Russia-Ukraine war: How women fight in Ukraine war?

After the attack on the Ukrainian city of Mykolaiv, the women there also got involved in war-related work. Some joined the army and started fighting in the war, while some took the initiative to deliver food and other goods to the soldiers and civilians.


Svitlana Taranova joined the Ukrainian army in the southern city of Mykolaiv, her birthplace, the day Russia launched an invasion of her country. Taranova, about 50 years old, was a manager in a construction company before that.

During the war, after the occupation of Kherson by the Russian army, about 70 kilometres away from there, Mykolivel was also under threat. The capture of Mykolaiv was necessary for the Russian army to capture the city of Odessa, the transport hub of the Black Sea.

That’s why the Russians started firing cannon balls on Mykolive on a large scale and in a systematic manner. Taranova said, “At 11 o’clock in the morning of February 24, my contract with the Territorial Defense was signed. It was not a sacrifice, but the only decision possible at that time.”

Contribution to war

After joining the infantry, Taranova would often engage in close combat with Russian soldiers. “Initially I was very scared of cluster bombs, my heart used to stop beating every time one went off,” he said.

But then determination took the place of fear. “I no longer feel the need to hide. All I want is revenge,” says Taranova. When an AFP team was in Mykolaiv in September and October, the city was bombed every night.

An AFP team discovered that while Taranova was fighting in the war against the Russians, other women were contributing to the war in other ways. “We are fighting here too. We feed the soldiers,” said 41-year-old Svitlana Nichuk, who works at a bakery.

She was watching an emergency unit clear the debris of an old apartment block in the city center when an AFP team met her. The bakery she works in is on the ground floor. The bakery was also badly damaged.

Involved in other ways

Julia, who lives nearby, told that her apartment has been attacked thrice. Julia, about 30 years old, works in IT and had moved to comparatively safer western Ukraine with her daughter.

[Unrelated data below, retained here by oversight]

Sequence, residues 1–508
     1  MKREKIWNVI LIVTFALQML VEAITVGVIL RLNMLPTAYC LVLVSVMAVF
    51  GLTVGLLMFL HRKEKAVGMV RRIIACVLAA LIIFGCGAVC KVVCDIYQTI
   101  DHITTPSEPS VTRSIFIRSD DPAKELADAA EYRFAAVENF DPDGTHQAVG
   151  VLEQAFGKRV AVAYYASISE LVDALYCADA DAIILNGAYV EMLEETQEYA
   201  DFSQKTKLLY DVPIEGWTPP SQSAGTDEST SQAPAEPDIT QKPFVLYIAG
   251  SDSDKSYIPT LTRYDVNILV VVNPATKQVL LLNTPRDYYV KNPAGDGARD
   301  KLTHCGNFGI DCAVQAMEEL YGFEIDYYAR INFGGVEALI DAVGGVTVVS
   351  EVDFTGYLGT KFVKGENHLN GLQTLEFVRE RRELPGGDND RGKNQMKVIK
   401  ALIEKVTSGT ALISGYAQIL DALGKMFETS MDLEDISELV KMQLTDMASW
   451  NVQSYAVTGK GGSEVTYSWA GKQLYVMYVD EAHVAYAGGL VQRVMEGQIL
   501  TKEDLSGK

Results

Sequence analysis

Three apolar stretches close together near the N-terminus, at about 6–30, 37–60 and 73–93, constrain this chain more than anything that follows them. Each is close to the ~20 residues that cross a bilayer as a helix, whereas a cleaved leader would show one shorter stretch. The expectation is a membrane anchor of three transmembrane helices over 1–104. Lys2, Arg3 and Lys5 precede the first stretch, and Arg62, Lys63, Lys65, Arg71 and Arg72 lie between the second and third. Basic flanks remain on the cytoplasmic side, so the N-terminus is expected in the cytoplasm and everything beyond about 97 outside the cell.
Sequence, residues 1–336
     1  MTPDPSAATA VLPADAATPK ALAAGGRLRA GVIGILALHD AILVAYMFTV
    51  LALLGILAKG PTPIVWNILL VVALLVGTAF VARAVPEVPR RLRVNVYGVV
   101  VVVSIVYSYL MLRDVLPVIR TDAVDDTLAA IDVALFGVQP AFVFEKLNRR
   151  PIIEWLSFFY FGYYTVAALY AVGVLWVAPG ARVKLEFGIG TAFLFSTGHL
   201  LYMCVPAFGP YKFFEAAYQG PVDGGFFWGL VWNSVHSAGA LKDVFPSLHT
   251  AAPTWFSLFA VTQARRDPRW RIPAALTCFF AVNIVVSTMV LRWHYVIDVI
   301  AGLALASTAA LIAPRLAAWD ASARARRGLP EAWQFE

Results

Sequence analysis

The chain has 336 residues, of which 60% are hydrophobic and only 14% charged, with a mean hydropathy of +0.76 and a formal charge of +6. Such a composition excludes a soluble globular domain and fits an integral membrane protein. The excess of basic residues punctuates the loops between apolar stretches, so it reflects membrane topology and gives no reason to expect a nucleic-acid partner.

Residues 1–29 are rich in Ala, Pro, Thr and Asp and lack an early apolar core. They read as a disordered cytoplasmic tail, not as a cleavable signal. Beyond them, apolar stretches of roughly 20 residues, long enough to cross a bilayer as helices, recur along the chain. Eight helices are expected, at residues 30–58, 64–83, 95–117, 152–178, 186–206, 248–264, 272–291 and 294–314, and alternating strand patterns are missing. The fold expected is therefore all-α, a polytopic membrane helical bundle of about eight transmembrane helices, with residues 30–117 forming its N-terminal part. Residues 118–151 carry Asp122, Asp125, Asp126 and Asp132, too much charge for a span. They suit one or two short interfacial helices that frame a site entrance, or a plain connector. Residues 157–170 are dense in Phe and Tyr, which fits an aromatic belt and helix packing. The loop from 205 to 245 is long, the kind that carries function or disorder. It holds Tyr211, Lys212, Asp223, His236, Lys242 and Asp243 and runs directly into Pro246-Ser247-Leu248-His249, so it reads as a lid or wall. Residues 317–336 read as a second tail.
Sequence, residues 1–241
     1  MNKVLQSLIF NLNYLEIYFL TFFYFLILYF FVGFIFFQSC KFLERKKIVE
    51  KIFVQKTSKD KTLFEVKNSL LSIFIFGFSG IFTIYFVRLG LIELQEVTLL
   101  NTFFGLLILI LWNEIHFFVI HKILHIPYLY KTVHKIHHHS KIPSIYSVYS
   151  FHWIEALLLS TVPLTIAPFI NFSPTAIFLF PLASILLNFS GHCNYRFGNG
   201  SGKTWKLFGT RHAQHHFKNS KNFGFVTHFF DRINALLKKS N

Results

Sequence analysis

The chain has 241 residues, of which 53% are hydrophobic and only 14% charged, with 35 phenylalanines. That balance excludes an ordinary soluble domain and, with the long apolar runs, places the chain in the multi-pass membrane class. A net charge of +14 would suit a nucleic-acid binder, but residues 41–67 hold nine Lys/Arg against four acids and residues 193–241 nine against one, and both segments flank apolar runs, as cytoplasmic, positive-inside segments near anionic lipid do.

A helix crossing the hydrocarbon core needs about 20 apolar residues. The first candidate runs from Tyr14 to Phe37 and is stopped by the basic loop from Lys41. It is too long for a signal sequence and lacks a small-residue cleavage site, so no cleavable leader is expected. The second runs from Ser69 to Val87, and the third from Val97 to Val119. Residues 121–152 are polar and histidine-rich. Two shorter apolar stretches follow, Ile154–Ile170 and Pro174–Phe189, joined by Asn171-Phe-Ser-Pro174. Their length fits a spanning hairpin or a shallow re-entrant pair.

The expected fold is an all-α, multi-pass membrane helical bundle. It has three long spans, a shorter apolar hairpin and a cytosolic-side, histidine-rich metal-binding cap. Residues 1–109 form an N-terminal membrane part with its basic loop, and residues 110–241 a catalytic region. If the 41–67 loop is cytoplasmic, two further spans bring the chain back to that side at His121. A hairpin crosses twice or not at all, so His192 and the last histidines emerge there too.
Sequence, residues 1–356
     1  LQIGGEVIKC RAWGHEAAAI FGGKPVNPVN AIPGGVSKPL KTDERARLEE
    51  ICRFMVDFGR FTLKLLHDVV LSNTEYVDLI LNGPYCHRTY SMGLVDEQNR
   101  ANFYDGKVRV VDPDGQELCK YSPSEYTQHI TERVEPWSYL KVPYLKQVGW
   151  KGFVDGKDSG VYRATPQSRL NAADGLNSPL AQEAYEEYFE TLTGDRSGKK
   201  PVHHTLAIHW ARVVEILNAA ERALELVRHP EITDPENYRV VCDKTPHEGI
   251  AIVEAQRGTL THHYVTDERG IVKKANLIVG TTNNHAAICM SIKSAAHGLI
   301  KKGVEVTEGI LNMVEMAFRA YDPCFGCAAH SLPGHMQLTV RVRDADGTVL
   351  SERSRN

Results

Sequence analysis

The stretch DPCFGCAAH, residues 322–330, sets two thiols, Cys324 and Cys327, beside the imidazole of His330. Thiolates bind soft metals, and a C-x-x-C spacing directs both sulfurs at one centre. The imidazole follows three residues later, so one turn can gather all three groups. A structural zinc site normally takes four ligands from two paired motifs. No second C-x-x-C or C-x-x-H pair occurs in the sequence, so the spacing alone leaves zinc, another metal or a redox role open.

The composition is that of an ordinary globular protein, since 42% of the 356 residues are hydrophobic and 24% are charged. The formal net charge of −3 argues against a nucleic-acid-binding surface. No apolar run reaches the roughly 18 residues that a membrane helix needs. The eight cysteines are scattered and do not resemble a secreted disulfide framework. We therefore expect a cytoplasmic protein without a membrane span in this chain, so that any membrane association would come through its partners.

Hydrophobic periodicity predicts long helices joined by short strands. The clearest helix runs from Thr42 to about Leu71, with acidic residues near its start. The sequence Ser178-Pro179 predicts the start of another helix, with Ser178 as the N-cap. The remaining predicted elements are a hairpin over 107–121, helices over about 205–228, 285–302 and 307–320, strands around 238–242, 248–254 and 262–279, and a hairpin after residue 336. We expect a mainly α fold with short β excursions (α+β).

Life is returning to the Ukrainian territory that came out of Russia’s occupation

But she often returns to Ukraine, mostly to distribute vehicles or military equipment acquired through online appeals she has started. In another neighbourhood, a musicologist named Julia Kirkina plays the piano and goes to a restaurant every Friday.

She says, “Music is one of the best medicines for the soul. My vocal therapy helps people stay calm and optimistic.” Local officials in Mykolaiv say the city was hit by Russian artillery for 262 days and barely survived 50 days of bombardment.

Then, on 13 November, Kherson was recaptured by Ukrainian troops and Mykolaiv was no longer part of the frontline of the war. By then more than 150 residents of the city had been killed and more than 700 were killed.

No time to panic

Between 3,00,000 and 5,00,000 people left the city. According to the local administration, about 80 per cent of the women had also left the city, due to which almost only men were left in the city.

But psychoanalyst Irina Viktorovna says that despite being in a vulnerable position, many women in Mykolaiv do not see themselves as victims. Viktorovna said, “He has no time to panic or lose control of himself.”

Although he admitted that there have been some cases of breakdown. Locals told AFP by phone that the military threat had been removed for the time being but life was still very uncertain.

Life has changed

As elsewhere in Ukraine, power, water and heat outages are common due to Russia’s targeting of civilian energy systems. Aleksandra Savitska, who previously worked as a hairdresser, has not been able to return to her old job.

Now she and her husband run an NGO under which they distribute food and other items among soldiers and civilians. In a video posted on Savitska’s Instagram account, 25-year-old Savitska is seen wearing a helmet and a safety jacket after distributing food and other items in kheras.

“My life has changed radically. I used to beautify women. Now I’m a volunteer. That’s my job,” he told AFP by phone.

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